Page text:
Starting a Business in the Netherlands – Part 3

Starting a Business in the Netherlands – Part 3

Business Forms

Sole Proprietorship (eenmanszaak)

In the case of a sole proprietorship, you are the sole manager of the company. This can be the case if you engage in self-employment, such as being a notary or a general practitioner, or if you are the sole owner of the business. Even if you employ staff, your company can still remain a sole proprietorship. If you meet the criteria, you will be registered as an entrepreneur in the tax authorities’ system and, accordingly, you will be obliged to pay taxes on your business activities. Please note that if you have employees, you are also obligated to pay employer contributions.

A sole proprietorship is not considered a legal entity. If you run a sole proprietorship, you assume responsibility for the company’s obligations.

BV (Besloten Vennootschap, Private Limited Liability Company)

This is the second most common form of company chosen by new businesses in general. In this case, the business is jointly managed by one or more partners. When establishing such a company, it is important that each partner contributes something to the business, such as capital, goods, labor, etc.

The contract concluded upon the establishment of the company must include the following:

  • The name of the company
  • The purpose of the company
  • The contributions of the parties involved, whether in financial or material assets, labor, know-how
  • The distribution of profits and losses
  • The allocation of positions
  • Provisions for sickness and accident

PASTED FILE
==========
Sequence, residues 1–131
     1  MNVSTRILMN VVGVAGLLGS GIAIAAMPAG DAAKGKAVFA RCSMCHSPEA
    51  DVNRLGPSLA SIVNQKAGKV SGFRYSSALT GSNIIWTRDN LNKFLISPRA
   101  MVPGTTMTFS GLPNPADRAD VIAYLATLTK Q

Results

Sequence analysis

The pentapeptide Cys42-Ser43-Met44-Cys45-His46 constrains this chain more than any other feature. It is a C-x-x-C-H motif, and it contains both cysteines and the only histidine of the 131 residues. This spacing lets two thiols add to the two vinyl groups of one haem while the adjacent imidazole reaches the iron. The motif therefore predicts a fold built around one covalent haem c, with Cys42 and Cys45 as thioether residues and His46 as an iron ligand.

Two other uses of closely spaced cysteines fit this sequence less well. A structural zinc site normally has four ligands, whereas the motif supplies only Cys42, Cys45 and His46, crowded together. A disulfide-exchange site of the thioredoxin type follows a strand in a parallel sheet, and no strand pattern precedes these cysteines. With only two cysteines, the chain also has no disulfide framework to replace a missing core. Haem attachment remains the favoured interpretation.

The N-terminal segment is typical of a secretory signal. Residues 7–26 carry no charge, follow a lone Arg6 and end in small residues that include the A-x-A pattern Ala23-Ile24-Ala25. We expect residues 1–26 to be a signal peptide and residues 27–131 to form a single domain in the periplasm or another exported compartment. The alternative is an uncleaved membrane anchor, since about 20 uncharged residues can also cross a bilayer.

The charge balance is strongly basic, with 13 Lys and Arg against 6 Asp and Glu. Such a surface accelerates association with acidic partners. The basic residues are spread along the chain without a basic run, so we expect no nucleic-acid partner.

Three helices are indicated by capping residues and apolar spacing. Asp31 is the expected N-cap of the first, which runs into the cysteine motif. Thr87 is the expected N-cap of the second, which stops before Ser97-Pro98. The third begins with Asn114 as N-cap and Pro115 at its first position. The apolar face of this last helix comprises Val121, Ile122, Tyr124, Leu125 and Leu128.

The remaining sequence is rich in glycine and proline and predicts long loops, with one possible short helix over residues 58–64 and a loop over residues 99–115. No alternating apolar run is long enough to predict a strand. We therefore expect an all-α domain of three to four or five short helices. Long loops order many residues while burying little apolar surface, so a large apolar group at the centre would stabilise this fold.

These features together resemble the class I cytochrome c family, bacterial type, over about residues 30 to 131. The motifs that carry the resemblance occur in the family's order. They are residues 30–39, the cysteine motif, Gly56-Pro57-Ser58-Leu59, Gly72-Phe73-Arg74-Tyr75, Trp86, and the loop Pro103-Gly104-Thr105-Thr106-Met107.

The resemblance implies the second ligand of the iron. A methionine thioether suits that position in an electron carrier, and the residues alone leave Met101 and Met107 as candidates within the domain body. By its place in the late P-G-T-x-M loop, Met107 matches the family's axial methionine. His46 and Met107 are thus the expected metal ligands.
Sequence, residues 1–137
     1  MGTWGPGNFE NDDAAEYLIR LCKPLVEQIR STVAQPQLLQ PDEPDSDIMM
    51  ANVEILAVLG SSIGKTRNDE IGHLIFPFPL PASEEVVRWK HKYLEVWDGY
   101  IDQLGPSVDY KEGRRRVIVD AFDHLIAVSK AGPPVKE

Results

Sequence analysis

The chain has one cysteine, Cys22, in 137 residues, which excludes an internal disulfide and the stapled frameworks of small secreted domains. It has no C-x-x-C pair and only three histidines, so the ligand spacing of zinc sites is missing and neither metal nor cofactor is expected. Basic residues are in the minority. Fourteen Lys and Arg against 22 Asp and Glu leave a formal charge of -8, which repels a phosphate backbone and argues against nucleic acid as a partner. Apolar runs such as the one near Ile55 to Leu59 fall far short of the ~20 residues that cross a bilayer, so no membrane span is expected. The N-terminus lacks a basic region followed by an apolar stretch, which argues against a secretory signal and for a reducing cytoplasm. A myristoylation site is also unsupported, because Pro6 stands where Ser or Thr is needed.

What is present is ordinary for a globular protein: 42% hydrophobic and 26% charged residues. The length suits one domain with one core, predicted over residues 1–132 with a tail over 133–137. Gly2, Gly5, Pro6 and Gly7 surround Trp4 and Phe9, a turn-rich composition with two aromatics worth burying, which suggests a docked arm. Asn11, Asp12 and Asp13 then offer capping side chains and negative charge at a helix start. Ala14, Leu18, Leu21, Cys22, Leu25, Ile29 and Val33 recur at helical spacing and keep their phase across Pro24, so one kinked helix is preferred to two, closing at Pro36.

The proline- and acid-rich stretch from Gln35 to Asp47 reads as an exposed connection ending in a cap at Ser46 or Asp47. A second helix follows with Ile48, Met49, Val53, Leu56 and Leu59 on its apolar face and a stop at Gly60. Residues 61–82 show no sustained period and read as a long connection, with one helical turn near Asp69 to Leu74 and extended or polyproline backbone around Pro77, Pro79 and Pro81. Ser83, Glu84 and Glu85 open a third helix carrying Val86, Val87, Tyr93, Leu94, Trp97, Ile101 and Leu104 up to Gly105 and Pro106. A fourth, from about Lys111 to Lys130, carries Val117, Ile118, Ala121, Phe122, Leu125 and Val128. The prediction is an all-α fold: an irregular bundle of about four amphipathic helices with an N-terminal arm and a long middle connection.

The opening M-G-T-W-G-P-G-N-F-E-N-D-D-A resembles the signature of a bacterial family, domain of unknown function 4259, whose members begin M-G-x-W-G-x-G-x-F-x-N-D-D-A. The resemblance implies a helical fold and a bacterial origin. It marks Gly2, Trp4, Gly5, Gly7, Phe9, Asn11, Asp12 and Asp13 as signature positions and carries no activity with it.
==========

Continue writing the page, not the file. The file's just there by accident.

• The division of roles in the absence of members of the company

Company Administration and Bookkeeping

It is mandatory to keep accurate records of your business activities. You must retain your records for a period of 7 years, either in paper or electronic format, including all records, business documents such as cash books, invoices, purchases, bank statements, contracts, and any other documents, software, or databases related to your business. Your company’s administration must accurately reflect the amount of turnover tax you must pay and the amount you have paid to the tax authorities. Therefore, it is also important to retain the following documents for 7 years:

  • Issued invoices
  • Receipts to be paid
  • Business expenses
  • Income
  • The private use of goods and services of the company

Your issued invoices must be numbered consecutively, and they should contain the following information:

  • Date and invoice number
  • Name and address of the customer (if the business partner is from another EU country, their tax number)
  • Description, quantity, and specifications of the delivered goods
  • Price of the goods excluding turnover tax
  • Rate of turnover tax


Invoicing Requirements

  • If you receive services or purchase goods, you should receive an invoice from your supplier. This invoice must meet several requirements.

The invoice should include the following information:

  • Name and address of the supplier/seller
  • Tax identification number (btw nummer) of the seller
  • Your name and address
  • Name of the invoice
  • Date of invoice issuance
  • Date of goods delivery or service completion
  • Type, quantity, and quality specification of the delivered goods
  • Nature and type of the provided service

The following information should also be included on the invoice:

  • Unit price, excluding turnover tax (btw)
  • Discounts or deductions not included in the price
  • Percentage of turnover tax (btw)
  • Total price excluding turnover tax
  • Amount of charged turnover tax
  • Payment deadline if it does not coincide with the date of invoice issuance

In some cases, as a buyer, you may also need to include your tax identification

number (btw nummer), especially when exporting goods within the EU.

Additionally, if the sale falls under special tax regulations, it should be indicated on the invoice.